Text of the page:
Astronomers have captured convincing evidence of a rare double cosmic cannibalism — a star consuming a compact object such as a black hole or neutron star — for the first time. As a result, the item devoured the star’s core, causing it to explode and leave only a black hole behind.
The Very Large Array (VLA), a radio telescope consisting of 27 large dishes in the New Mexican desert near Socorro, provided the first hints of the gruesome event, which was detailed in Science. During a scan of the night sky by the observatory in 2017, a blast of radio energy as bright as the brightest exploding star — or supernova — observed from Earth emerged in a dwarf star-forming galaxy 500 million light-years away.
“We thought, ‘Whoa, this is interesting,'” recalls Caltech astronomer Dillon Dong.
He and his colleagues used the VLA and one of the telescopes at the W.M. Keck Observatory in Hawaii to observe the galaxy in the same optical light as our eyes. A brilliant outflow of material erupting in all directions at 3.2 million kilometers per hour from a central point was captured by the Keck telescope, indicating that an intense explosion had occurred there in the past.
The team then found an extremely bright X-ray source in archival data from the Monitor of All Sky X-ray Image (MAXI) telescope, a Japanese instrument that sits on the International Space Station. This X-ray burst occurred in the same location as the radio burst, however it was observed in 2014.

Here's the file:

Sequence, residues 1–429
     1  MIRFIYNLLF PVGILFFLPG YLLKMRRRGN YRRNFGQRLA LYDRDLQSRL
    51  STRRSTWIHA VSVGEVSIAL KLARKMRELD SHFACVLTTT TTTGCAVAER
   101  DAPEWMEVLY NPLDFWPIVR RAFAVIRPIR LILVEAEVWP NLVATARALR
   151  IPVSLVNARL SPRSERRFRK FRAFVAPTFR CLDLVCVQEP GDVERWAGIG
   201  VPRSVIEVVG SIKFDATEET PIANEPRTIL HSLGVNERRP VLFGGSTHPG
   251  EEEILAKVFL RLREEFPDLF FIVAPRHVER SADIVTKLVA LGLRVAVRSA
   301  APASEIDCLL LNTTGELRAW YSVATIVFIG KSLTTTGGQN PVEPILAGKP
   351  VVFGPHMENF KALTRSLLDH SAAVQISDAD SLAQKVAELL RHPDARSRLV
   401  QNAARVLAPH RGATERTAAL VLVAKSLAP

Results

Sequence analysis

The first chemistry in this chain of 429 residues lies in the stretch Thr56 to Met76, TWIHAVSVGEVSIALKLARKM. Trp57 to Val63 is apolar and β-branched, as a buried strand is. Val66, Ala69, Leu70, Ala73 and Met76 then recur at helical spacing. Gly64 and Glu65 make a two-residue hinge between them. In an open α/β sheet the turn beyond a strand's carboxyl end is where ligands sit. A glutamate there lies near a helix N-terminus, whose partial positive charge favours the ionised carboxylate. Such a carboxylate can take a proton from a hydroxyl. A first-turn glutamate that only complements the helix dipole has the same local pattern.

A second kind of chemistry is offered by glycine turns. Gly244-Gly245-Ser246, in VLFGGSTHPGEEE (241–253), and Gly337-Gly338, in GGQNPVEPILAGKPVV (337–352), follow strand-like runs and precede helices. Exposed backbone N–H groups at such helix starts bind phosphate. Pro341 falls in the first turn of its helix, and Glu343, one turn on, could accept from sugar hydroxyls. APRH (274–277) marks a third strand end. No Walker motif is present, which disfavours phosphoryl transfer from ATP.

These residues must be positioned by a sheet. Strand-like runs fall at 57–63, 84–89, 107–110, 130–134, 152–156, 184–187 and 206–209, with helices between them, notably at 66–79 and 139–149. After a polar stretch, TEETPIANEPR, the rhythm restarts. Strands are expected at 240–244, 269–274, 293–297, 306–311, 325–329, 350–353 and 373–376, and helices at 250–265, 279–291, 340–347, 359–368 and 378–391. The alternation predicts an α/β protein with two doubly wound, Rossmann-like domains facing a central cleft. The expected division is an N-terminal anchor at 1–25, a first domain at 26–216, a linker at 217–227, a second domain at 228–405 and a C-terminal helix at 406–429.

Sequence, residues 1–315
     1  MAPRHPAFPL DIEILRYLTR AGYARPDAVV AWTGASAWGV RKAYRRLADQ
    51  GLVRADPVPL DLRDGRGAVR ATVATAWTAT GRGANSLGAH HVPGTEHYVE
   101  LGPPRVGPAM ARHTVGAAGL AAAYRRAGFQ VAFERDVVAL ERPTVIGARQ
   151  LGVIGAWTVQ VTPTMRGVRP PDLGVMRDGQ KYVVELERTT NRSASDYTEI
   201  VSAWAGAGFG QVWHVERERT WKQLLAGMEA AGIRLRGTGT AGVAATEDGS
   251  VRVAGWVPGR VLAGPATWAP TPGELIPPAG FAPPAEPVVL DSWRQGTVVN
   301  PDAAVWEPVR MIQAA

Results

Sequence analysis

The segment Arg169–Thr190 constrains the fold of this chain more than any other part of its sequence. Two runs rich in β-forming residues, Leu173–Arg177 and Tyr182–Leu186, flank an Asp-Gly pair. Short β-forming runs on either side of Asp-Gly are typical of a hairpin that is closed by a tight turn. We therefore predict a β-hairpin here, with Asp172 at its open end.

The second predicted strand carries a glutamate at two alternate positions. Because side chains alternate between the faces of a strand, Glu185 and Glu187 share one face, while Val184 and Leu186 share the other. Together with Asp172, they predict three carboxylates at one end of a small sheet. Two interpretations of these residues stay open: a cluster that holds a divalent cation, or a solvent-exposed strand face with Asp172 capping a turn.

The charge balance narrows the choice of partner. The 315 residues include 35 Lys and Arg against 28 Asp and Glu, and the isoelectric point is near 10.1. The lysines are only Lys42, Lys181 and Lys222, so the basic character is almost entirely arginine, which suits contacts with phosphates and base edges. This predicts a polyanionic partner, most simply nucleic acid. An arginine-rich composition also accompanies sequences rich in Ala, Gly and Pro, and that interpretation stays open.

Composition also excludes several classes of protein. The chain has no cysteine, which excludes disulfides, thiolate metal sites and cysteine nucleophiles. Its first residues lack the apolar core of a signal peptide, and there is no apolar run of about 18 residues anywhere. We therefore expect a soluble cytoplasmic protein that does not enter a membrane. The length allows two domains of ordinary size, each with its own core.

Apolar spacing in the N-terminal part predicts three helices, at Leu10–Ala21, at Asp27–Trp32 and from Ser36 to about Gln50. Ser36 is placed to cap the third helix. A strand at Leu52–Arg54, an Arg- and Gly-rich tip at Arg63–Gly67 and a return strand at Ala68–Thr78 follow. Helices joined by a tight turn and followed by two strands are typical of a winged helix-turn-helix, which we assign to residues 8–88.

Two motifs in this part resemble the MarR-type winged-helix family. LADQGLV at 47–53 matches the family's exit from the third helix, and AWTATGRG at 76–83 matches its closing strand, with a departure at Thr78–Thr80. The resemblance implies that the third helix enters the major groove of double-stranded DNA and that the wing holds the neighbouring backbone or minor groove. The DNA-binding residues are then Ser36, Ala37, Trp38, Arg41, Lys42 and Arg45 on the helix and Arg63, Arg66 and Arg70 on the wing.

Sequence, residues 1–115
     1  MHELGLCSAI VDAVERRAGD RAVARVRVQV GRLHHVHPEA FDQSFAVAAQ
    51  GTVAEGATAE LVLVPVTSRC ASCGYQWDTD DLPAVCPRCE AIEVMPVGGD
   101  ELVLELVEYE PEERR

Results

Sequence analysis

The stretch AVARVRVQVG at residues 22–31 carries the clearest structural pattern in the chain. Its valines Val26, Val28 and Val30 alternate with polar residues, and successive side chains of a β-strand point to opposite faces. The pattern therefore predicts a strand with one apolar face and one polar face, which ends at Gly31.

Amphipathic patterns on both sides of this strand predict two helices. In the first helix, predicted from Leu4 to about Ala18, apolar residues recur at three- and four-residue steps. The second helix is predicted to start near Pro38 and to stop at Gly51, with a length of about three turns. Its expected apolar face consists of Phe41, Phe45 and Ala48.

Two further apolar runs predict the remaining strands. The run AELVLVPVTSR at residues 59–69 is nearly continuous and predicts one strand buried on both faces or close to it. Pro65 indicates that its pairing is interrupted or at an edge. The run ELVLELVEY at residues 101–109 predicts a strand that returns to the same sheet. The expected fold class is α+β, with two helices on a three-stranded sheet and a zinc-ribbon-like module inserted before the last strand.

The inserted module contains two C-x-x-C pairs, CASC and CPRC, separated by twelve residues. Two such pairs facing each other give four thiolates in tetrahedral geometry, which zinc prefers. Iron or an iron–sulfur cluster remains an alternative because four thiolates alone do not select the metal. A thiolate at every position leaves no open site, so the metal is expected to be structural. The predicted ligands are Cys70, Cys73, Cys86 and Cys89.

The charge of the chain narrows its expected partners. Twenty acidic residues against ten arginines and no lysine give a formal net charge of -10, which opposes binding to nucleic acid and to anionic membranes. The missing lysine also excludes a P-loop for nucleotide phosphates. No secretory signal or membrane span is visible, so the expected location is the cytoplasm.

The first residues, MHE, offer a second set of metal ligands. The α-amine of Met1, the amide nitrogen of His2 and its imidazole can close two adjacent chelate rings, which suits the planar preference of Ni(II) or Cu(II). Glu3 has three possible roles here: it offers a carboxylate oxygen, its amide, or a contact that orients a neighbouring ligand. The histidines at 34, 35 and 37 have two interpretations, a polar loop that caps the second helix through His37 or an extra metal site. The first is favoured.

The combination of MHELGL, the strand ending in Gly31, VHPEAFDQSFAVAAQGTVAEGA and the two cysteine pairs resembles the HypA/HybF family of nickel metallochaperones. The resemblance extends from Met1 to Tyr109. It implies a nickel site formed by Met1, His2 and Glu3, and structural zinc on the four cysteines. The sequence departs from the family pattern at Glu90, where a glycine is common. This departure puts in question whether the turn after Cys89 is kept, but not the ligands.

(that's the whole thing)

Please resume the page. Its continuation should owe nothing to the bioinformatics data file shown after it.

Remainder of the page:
Dong and his colleagues believe the following happened after piecing together the data: a binary pair of stars orbited each other; one died in a spectacular supernova explosion and became either a neutron star or a black hole. The dead star actually entered the outer layers of its larger stellar brother as gravity pulled the two objects closer together.
For hundreds of years, the compact object spiraled inside the still-living star, eventually descending to and devouring its partner’s core. During this time, the larger star shed massive amounts of gas and dust, building a material shell around the pair.
Gravitational forces and complex magnetic interactions from the dead star’s munching released massive jets of energy, which were detected as an X-ray burst in 2014, as well as causing the larger star to explode. The detonation debris crashed with massive force into the surrounding shell of material, generating optical and radio light.
While theorists have previously envisioned such a scenario, dubbed a merger-triggered core collapse supernova, this appears to represent the first direct observation of this phenomenon, Dong says.
“They’ve done some pretty good detective work using these observations,” says Adam Burrows, an astrophysicist at Princeton University who was not involved in the new study. He believes the discoveries will help constrain the timing of a process known as common envelope evolution, in which one star becomes swallowed by another. Such stages in the lives of stars are quite short in cosmic time and difficult to detect and simulate. Most of the time, the engulfing partner dies before its core is consumed, leading to two compact objects like white dwarfs, neutron stars or black holes orbiting one another.
According to Dong, the latter stages of these systems are exactly what observatories like the Advanced Laser Interferometer Gravitational-Wave Observatory, or LIGO, detect when collecting spacetime’s ripples. He expects astronomers to find more examples of this peculiar phenomenon now that they know to look for these various lines of evidence.